San Francisco (SF) native Democrat Gavin Christopher Newsom (54) is nearly finishing his third year of his first term as Governor of CA. In 2021, CA has over 39 million people, the largest population of any state in the U.S. (worldpopulationreview.com.>states). Newsom was first elected Gov. in 2018, clobbering GOPer John Cox by a humungous 24 points, 62%-38% (Cohen & Cook, 2022 Political Almanac). Newsom graduated from Santa Clara University in 1989. He started a wine store on San Francisco’s Fillmore Street and expanded his holdings to include bars, restaurants, hotels, and wineries. San Francisco Mayor Willie Brown gave Newsom his start in politics by first naming him to that city’s Parking and Traffic Commission and later to a seat on the SF Board of Supervisors. He served on SF’s Board of Supervisors from 1997-2003. He successfully ran for SF Mayor in 2003 and served in that office from 2004-2010. As mayor, Newsom erased SF’s $483 million deficit without disastrous closures. In 2004, before the idea became mainstream and was later upheld by SCOTUS, Newsom ordered city clerks to approve same-sex marriages. Four-thousand couples took advantage of this new policy. However, before same-sex marriages became acceptable, Newsom was blamed by many “scared” Democrats for helping W Bush win re-election over Democrat John Kerry. Many “Team Blue” members shamelessly “ran away” from Newsom. Now, most Californians view Newsom’s stand on same-sex marriage as courageous and correct. Newsom easily won re-election as SF mayor. In 2010, he ran for Lt. Governor and was re-elected to that position in 2014. As was previously noted, in 2018, Newsom handily won his first term as Governor of CA (See Cohen & Cook 2022).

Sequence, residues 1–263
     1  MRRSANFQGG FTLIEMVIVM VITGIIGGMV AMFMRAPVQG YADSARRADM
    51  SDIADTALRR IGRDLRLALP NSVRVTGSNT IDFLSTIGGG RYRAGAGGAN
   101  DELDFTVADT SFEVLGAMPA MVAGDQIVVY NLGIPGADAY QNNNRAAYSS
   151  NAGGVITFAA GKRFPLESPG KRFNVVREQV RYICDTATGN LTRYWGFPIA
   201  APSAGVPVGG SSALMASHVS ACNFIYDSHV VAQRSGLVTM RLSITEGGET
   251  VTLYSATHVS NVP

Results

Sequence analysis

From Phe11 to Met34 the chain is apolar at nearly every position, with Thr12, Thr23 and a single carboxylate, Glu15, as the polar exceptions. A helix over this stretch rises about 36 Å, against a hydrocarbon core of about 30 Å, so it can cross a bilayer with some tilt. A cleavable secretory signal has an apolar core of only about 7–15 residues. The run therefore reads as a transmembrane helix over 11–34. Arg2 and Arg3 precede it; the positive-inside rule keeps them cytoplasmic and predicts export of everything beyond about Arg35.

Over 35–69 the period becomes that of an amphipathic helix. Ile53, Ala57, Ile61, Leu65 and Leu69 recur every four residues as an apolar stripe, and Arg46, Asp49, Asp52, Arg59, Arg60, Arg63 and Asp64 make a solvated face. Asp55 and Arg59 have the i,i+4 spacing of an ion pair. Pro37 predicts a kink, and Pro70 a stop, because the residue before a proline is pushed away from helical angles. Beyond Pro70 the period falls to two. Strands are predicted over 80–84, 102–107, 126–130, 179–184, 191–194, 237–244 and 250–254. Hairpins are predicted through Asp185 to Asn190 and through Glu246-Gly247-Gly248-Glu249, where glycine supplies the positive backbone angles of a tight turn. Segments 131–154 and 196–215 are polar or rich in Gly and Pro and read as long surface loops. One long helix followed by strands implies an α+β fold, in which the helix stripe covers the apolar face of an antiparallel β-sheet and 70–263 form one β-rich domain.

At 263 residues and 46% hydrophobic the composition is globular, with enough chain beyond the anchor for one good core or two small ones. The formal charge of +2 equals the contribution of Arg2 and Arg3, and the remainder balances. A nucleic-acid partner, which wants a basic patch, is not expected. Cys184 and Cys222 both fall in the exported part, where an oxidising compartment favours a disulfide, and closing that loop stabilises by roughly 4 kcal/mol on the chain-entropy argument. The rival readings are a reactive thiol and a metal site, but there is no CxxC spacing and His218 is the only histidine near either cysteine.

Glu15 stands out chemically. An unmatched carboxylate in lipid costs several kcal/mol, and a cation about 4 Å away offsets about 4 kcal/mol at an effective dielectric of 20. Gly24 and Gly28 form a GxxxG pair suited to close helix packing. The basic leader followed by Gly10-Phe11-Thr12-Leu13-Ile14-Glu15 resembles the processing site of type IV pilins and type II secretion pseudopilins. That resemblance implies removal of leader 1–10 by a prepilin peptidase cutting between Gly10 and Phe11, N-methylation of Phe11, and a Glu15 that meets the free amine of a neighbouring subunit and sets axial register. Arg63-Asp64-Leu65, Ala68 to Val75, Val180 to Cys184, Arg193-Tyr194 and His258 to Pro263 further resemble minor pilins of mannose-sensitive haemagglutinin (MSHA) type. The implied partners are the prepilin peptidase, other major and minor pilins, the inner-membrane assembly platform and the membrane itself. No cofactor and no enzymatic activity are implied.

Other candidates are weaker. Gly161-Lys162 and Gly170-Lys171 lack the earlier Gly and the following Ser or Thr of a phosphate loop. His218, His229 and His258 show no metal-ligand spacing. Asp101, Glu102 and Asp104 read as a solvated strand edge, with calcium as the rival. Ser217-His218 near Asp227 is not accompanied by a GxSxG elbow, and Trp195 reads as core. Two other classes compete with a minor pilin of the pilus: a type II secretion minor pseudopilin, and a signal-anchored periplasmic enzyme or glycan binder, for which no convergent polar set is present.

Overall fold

As CA’s Governor, Newsom was a progressive and strongly fought Demagogue Donald’s agenda (See Cohen & Cook 2022). Governor Newsom loves his job. He immediately went to work trying to tackle some of CA’s hardest problems. He used CA’s historic $14 billion surplus to fund programs to help individuals and businesses to recover from the COVID-19 pandemic, build more affordable housing, house the state’s unsheltered, and prevent wildfires (latimes.com/opinion, 8/13/21). Gov. Newsom supports universal preschool, two years of free-community college tuition, and single-payer health insurance (Cohen & Cook 2022). Hispanics constitute CA’s biggest ethnic minority. According to the 2022 Cohen and Cook Almanac, Hispanics now are 39.40% of CA’s population. Asians constitute 17.10% of California’s residents, and Blacks 5.80%. These three racial and ethnic groups outnumber whites in CA (59.40%) by 2.90 % or nearly 3%. CA is already a majority-minority state. Newsom has been one of the most pro-Latino Governors in CA history. He prioritized high-risk Latino neighborhoods for COVID-19 vaccinations and expanded college loans for “Dreamers” seeking graduate degrees. Newsom made unprecedented investments in public education that helped working-class Latinos, including initiatives to lower the costs of textbooks and cover two years of community college. He backed COVID stimulus checks for undocumented Californians who have kept the state running as essential workers. He approved temporary housing for farmworkers who came down with COVID, as well as rent relief and tax cuts for small businesses. He secured health insurance for undocumented seniors (latimes.com, Guerrero, J., 8/25/21). Many of these farmworkers and small business owners in CA are Latinos. Disease, like COVID-19, remember, makes no distinctions between legal and illegal residents, or any racial and ethnic groups.